Nothing is necessarily wrong
When making a new game, especially in the feedback stages, you have to consider a few things.
- Why should anyone play your game over any other game that they already know?
- How am I soliciting playtest feedback, and what incentive do the playetesters have to switch to your game (even temporarily).
- Who am I asking for feedback?
From my experiences with the same issues and disappointments, I've come to see that creating a game is a lot like any other kind of writing. Patience, and a resilience to disappointments is key, and you have to sell what you're writing to your potential audience.
To do this, I have a few things I start out with.
What is your elevator pitch? From marketing any kind of idea, there's the idea of the elevator pitch. If you get into an elevator with a potential customer of what you're doing, what kind of precis can you give them in the time that they're your captive audience? Can you tell them in 5 minutes or less why they should be playing your game instead of what they're already playing and familiar with? Is that description engaging and designed to get someone excited about playing it? This is going to be the first hurdle.
How clear are the rules and the writing? Your second hurdle is getting someone to actually read the rules once you give it to them. You can get it into their hands, and get them excited about it- but if your writing is bland or bad once you get into the rules, you'll lose your audience pretty fast. Editing, grammar, clarity, and a sense of writing style are going to be key to get them to actually read what you've written to get past this obstacle.
How easy is your game to pick up and learn? So you've gotten them to read it, but if it seems hard to understand (especially in relation to what they're already familiar with), or they can't explain it to their group, you're not going to get far. Examples of the rules are a good way to help with this.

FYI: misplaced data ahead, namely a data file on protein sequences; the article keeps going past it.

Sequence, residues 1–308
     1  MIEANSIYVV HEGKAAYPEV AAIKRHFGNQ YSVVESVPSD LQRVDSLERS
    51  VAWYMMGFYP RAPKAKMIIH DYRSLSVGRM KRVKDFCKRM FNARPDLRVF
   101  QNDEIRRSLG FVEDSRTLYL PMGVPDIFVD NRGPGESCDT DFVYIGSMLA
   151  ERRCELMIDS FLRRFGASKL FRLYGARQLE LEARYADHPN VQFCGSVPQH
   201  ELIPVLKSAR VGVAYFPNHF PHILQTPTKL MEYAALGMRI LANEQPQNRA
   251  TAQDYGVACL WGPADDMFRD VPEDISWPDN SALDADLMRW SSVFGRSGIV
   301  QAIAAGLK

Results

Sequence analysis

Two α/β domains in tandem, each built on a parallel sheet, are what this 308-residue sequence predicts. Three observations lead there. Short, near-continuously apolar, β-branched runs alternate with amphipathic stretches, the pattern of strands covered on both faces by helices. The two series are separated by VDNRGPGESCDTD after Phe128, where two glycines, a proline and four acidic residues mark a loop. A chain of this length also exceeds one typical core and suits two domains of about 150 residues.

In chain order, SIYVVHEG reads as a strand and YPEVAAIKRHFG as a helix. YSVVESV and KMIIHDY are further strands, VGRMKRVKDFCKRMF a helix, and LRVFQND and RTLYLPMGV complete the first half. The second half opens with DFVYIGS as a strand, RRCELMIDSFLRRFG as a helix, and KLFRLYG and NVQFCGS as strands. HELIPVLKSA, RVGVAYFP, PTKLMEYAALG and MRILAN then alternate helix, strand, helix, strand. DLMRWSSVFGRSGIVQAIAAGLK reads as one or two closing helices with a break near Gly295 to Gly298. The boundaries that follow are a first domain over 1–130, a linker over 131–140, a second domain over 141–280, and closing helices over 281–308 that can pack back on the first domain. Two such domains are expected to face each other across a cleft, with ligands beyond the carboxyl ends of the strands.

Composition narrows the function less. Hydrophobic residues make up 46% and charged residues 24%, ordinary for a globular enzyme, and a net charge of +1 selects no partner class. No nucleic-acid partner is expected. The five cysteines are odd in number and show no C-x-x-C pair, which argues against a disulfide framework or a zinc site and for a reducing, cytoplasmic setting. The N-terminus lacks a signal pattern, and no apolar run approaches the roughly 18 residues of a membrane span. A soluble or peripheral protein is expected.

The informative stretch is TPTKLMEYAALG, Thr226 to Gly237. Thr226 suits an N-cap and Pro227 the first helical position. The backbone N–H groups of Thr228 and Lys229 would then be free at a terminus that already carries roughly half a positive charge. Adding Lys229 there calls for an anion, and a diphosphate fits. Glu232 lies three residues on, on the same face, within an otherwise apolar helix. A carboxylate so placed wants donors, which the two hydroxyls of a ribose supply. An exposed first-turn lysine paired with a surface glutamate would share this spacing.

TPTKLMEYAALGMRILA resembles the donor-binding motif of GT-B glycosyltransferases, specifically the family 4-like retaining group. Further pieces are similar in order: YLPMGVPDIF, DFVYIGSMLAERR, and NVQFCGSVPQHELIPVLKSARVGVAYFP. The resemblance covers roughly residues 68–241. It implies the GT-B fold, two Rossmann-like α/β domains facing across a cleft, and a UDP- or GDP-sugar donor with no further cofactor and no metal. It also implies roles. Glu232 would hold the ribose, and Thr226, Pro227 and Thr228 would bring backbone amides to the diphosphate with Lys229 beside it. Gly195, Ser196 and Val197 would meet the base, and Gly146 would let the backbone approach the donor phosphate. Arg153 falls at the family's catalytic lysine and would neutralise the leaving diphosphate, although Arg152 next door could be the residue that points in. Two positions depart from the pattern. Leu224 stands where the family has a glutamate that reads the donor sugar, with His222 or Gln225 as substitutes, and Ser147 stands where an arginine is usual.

Who should I pitch this to? None of the above is going to help if you don't have the right audience. The first thing is to realize the type of game that you've created, and find the players that would be interested in giving it a try. There are several different communities built up around designing and testing role-playing games. The ones that I've been a part of an would recommend are RPG.NET, StoryGames, and 1kM1kt.
Would I want to play it? Be honest with yourself. If you can't be bothered to get together a group yourself, teach it to them, and play it with them, or it doesn't excite you to be able to do so, then it's unlikely that someone else will. Find a game store and put up a posting for playtesters, and hang around and talk to people there. Go to one of the boards mentioned above and show your enthusiasm for what you've created. You have to be enthusiastic about it to create that critical mass to get people to care about it.
This next hint was a hard one for me to swallow, given to me by another game designer.
Should I create a new system, or hack another? This is a hard one to answer, especially if you really like to create. But if you hack another system, it comes with quite a few benefits, especially in regards to testing- inbuilt communities around the original system and faster learning time are the two major ones. When I built my own system, it was cool and had a cool dice mechanic. But, that wasn't enough to get people to try; they liked the setting, but didn't want to learn a new system. However, when I hacked another system to get the feel that I was looking for with my background, it was instantly more successful.
And my last hint- enjoy the process. If you're creating something that you enjoy for your enjoyment, you'll definitely have a more rewarding experience. Your enjoyment should be a driver behind the whole thing, with you ending up with a game that you want to play, not just create.